Disclosure: Dance Dispatches received free admission to write an open and honest show review of ZooNation’s Message in a Bottle performance by Kate Prince.

Message in a Bottle is an evening-length production with an entire soundtrack of music composed by Sting. Choreographed by Kate Prince and performed by her ZooNation company, the dance programme tells the story of a family, whose home is destroyed – and how they carry on to find a new life in a foreign country. Prince makes the case that her production differs from musical theatre, but audience members may still leave with the impression that they have seen a riveting musical (sans singing).

“I want [Message in a Bottle] to have a very clear narrative, but it’s not like musical theatre. There you don’t stop to express a single emotion in a piece of dance. That’s what we do here.”

– Kate Prince, Founder of ZooNation: The Kate Prince Company
Photo credit: Helen Maybanks

Message in a Bottle Review

Act I

Sting’s Desert Rose with Algerian musician Cheb Mami whisks the audience far away from drizzly London, where we meet a vibrant community – and a family of five. Their happiness is illustrated with tricks of both the hip-hop and lyrical variety: easy aerials with tucked knees and turning leaps. The good times continue to roll with a flirtatious pursuit to Every Little Thing She Does it Magic and a wedding to Fields of Gold, but the story quickly turns dark.

Crashes and flashes of light disturb the festivities, and uncertainty blossoms. The performers hold up lanterns in the dark, gazing outward to divine their future. Meanwhile, the others embrace and comfort each other in the face of the unknown. When the assault begins, dancers stagger backwards and land in defensive postures, trying to brace for what’s to come.

“We are confronted by stories of displacement every day… We regularly hear about migrants fleeing oppressive regimes, but the focus is often on the catastrophic political in-fighting… and we lose sight of the people affected.”

Lolita Chakrabarti, Message in a Bottle programme notes

Don’t Stand So Close to Me is particularly unsettling. The community has no time to mourn for their losses. Masked intruders march into the space and menacingly caress the women in a manner that conveys violence rather than love. The women stand with knees bent and hinge their torsos back, looking up in defiance or praying for a higher power to intervene. Perhaps both.

The survivors leave their old world behind and embark on a perilous journey by sea, donning orange life vests. Ravaged by storms, they repeat a chorus of hand movements like a mantra of hope. The lighting goes black and they awake on new shores. The refugees have survived, but they’re dressed as prisoners and taken to cells; so they send their “S.O.S. to the world” right before intermission.

Photo credit: Helen Maybanks

Act II

The pace of the second act slows down. The stage doesn’t bust at the seams with the entire cast, and the audience connects with each of the siblings one on one as they buy their way to freedom. We literally watch them trade precious tokens of their past life in order to begin their new lives, and we can sense the indifference of callous officials.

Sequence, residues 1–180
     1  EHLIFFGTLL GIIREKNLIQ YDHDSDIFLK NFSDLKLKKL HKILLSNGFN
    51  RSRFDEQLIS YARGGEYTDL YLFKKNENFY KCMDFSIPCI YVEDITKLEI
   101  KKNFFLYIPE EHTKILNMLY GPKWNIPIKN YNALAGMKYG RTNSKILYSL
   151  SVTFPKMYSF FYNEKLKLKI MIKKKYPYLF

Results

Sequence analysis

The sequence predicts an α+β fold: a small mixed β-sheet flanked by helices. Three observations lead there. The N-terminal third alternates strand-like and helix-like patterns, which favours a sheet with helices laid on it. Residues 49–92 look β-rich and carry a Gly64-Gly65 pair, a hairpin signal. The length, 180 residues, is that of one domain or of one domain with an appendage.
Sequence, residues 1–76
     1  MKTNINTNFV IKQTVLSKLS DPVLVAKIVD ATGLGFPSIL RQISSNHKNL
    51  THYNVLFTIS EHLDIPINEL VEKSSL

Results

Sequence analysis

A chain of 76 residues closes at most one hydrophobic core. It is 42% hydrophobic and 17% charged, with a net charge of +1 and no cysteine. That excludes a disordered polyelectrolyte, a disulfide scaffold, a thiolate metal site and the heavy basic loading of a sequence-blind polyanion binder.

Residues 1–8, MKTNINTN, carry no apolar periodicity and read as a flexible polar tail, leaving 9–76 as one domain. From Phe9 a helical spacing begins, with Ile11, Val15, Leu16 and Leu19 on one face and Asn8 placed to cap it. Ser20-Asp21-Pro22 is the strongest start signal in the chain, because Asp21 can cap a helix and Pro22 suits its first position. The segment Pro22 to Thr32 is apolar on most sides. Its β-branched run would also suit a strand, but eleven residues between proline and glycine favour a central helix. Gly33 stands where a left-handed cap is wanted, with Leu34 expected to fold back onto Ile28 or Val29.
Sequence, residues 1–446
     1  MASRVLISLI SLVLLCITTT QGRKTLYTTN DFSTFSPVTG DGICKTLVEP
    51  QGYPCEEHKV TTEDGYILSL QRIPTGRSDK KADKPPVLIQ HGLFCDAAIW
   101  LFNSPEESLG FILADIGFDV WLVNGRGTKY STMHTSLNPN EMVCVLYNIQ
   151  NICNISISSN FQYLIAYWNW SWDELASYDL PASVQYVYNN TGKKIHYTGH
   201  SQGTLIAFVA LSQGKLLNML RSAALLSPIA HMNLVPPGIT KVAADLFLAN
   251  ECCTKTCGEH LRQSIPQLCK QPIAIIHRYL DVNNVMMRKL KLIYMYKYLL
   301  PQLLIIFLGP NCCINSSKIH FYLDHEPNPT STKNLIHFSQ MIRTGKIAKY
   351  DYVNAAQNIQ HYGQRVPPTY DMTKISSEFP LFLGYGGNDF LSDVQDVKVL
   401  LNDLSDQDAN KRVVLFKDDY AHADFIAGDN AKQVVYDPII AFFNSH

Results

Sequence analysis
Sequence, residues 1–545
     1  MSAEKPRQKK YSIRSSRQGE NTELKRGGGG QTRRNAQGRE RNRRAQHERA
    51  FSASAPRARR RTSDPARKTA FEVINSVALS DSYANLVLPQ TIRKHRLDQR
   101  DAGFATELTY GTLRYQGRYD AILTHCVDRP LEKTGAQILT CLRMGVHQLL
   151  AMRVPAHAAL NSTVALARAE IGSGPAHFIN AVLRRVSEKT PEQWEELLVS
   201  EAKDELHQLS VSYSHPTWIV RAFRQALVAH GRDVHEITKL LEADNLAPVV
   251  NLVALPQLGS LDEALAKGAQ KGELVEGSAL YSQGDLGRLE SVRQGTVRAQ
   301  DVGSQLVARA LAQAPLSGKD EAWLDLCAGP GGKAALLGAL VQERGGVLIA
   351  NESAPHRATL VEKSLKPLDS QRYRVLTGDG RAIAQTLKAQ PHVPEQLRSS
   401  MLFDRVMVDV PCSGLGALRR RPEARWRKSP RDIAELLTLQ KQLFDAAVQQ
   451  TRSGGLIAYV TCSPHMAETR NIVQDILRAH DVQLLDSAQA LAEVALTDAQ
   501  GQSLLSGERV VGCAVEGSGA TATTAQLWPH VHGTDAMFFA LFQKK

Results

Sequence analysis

Prince’s choreography deftly demonstrates many of the issues that refugees face, even after they are admitted to a new country. It illustrates how trauma can persist long after the threat of danger, and how it can be difficult to connect with people from a completely different background and language.

The piece closes with bittersweet notes. The siblings assimilate; they find love; and they reconnect. But despite being settled, they wistfully reminisce about their past peaceful family life. Still, they carry on together. What more can they do?

“This is a piece about the strength human beings have to keep going, to find peace again in their lives, despite trauma. It’s about resilience.”

– Kate Prince, Founder of ZooNation
Star Rating:

We see snippets of refugees’ journeys on the news; but Message in a Bottle eloquently strings together their complete, perilous journey. The production humanises the people who have no choice but to leave home and invokes nothing but empathy and good will from the audience.

The gripping production caused my fellow audience members to stand in applause, brush tears from their eyes and sing Sting’s songs as they exited the theatre. Fantastic.

Photo credit: Helen Maybanks

If You See Message in a Bottle

Show Dates: 6 Feb – 21 Mar 2020

Show Times: The matinée and evening performance times vary.

Some matinées run at 2:00pm; others run at 2:30pm.

Some evening shows run at 6:30pm; others run at 7:30pm.

Run Time: 1 hour and 50 minutes, including a 20-minute interval

Price: £14 – £89

Theatre: The Peacock (a Sadler’s Wells venue)

Address: Portugal Street, Holborn, WC2A 2HT, London

Nearest tube station(s): Holborn, Covent Garden, Temple

Ticket office phone number: +44 2078 638222

You can view upcoming shows and book tickets through their website:
http://peacocktheatre.com/whats-on/


Have you viewed any other works choreographed by Kate Prince – like Tales of the Turntable or Some Like it Hip Hop? Tell us about them in the comments below!

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